Manchester City Council

Climb Every Mountain

The day starts just round the corner from home at Carmel Court. This is sheltered accommodation provided by Manchester Jewish Housing Association, but they are planning to move to another site, still in Crumpsall. I'm there to meet the prospective purchasers of the Holland Road site and to find out what they intend to do with it. Then it's on my bike and a rather breezy ride into the Town Hall. Is it my imagination or is it a lot windier than it used to be.

I have my (ir)regular meeting with the Leader and Chief Executive of Salford, todays agenda including the work's to the Manchester end of Chapel Street and the consequential timing of the closure of Victoria Street to traffic. We also discuss collaborative working on service delivery and the re-siting of the Joseph Brotherton statue, originally in Peel Park, currently on the Manchester bank of the Irwell, and about to swim over to the other side.

Later in the day I meet the Prime Minster of the Netherlands. He is here to promote Anglo-Dutch trade as part of an "ongoing strategic business dialogue". Obviously I'm particularly interested in the business opportunities for Manchester companies in the Netherlands but there are already 48 Dutch owned companies with a presence in the city-region. That goes up temporarily to 55 over the Christmas period, with eleven of the Christmas Market stalls taken by seven Dutch operators. The visit ends with a business reception in the Town Hall, another opportunity to promote Manchester and Manchester business and show that as a city we are open to the world.

There are 9 responses to “Climb Every Mountain”

  1. Nowt New, Then... Says:

    Why can't Albert be moved across the road? That would create a much larger and much more useable open public space in front of the Town Hall. Really lovely monument, iconic even, but he does take up a lot of precious room! Thinking if he could step to one side we could have the possibility of a much more useable, much larger public space. Opportunity for a simply amazing marquee... be it an 'under cover' space for our Xmas market, or an incredible area for MIF for example, and the possibility of holding many other events and festivals, right in the heart of the City Centre, and right in front of the Town Hall, which imho is iconic enough. Wi'out Albert! Nuff said.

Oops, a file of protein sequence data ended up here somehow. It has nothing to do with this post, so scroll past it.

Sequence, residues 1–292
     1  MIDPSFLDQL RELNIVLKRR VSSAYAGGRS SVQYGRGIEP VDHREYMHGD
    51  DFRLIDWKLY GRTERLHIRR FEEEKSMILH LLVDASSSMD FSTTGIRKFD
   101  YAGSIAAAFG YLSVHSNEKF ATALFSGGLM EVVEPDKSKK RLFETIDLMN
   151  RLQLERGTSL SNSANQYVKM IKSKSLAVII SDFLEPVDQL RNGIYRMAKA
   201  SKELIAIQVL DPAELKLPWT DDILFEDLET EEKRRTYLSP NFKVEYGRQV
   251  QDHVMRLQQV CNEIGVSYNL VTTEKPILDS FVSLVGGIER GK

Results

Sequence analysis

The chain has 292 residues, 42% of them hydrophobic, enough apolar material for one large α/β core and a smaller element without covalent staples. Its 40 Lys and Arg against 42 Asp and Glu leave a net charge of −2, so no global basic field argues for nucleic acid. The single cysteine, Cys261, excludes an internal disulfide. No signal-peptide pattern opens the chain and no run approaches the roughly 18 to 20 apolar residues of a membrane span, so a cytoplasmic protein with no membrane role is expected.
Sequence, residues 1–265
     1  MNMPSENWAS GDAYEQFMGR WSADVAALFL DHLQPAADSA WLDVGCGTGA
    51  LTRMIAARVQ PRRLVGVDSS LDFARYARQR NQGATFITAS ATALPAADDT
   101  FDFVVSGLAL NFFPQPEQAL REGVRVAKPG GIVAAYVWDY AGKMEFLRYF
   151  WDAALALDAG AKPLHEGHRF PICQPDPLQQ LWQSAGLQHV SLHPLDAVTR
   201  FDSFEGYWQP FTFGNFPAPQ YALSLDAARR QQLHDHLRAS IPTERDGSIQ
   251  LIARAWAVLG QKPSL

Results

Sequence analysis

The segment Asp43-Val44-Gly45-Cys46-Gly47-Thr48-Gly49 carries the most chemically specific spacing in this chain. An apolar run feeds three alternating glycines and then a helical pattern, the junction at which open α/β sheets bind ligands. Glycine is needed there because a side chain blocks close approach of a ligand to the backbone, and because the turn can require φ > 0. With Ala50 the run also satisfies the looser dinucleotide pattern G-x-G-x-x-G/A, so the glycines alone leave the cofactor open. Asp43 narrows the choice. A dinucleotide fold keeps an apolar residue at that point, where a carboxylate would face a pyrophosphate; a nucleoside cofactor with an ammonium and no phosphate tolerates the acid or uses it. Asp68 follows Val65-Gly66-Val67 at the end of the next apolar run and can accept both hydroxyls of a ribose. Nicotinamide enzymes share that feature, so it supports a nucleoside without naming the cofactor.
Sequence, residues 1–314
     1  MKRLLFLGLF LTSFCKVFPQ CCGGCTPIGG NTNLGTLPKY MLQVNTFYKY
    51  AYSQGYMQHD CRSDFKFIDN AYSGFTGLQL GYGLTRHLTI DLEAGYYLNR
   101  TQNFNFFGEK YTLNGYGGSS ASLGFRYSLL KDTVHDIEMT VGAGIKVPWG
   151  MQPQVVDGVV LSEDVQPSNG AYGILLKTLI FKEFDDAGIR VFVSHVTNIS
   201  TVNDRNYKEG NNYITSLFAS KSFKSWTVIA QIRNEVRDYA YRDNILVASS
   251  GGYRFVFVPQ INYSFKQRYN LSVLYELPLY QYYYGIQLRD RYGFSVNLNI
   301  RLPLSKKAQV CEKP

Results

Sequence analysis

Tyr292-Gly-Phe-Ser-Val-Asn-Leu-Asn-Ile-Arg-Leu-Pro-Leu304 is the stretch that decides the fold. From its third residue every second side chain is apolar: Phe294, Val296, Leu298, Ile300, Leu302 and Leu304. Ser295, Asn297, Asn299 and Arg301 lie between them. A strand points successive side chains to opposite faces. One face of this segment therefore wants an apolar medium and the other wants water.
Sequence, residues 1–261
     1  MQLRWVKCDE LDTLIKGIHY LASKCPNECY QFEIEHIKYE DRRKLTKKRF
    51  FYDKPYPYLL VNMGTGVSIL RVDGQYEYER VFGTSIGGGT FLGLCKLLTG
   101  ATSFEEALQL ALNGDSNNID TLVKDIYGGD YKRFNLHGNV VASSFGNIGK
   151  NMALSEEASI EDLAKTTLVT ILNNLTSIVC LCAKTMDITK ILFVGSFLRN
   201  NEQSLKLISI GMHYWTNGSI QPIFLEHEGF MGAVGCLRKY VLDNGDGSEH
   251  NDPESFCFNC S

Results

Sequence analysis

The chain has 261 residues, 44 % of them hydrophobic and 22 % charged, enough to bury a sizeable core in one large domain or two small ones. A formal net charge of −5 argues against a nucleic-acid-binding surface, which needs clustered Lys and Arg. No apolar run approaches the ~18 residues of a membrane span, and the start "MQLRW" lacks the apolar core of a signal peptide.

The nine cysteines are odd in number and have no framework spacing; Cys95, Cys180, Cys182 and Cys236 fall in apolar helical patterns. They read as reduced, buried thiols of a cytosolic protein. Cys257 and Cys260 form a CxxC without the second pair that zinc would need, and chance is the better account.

2. Phil Korbel Says:

    Re windier that usual for cycling? It has been pretty breezy over the last month - but I cant decide whether I prefer the tail-wind coming into or out of work - probably the latter. A head wind's never good though - what with the pot-holes and bike-blind drivers... All the same - great to hear that you're still a champion for the humble bicycle...

  3. Hummingbird Says:

    What an absolutely ridiculous suggestion. Turning Albert Square into a theme park? It’s a civic space we should be proud of.

  4. Stuart Corry Says:

    I agree totally with Hummingbird, I feel Albert Sq already has too many events, when "event free" it is the best public area in the city centre for just using just sitting in

  5. Stuart Corry Says:

    Just a quickie about bikes, it would be nice to see even more cycle lanes in the city centre, I would love to drive and ride but watching cyclists struggle every day, really does put stop me doing so, it just looks too dangerous.

  6. Mr X Says:

    Re Albert Sq Xmas market: Can someone turn that singing Moose off already!

  7. Nowt New, Then... Says:

    I don't disagree that a barren Albert Square can be a very pleasant and surprisingly peaceful space, particularly in summer. This indeed is the state of affairs MOST of the year. Events are still a very temporary and occasional intrusion into the status quo, and can attract many thousands of people into the City and from miles around. They can also provide a 'buzz' to the City Centre. For me, and it's only my opinion, old Albert just takes up too much room, space which could be utilised much much more usefully.

    Why should we be too bothered if Alberts massive Memorial were to be moved a few meters? His space could be filled with 'garden displays' created and tended by local volunteer gardeners as a 'for example', or even temporary original sculpture, or why not both! Why can't we replace Albert with a space for 'things' which are annually and seasonally changeing? Stuff which is new, interesting, challengeing, experimental, entertaining, even inspiring? With Media City on the doorstep, why not for TV broadcast opportunities in such a beautiful setting? My original post was not intended to be 'controversial. But, if it provokes debate, fair enough!

    Then... if we relocate ol' Albert can we rename this beautiful space, front of our even more beautiful Town Hall, 'Manchester Square'!?

  8. Hummingbird Says:

    Now I am really depressed... the cost of retaining a Grade ONE listed space is immense. This will be additional cost and an indictment on Manchester's heritage.

  9. now then now thwn Says:

    what manchester needs is a sculpture park

 

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The blog of the leader of Manchester City Council, Councillor Richard Leese.

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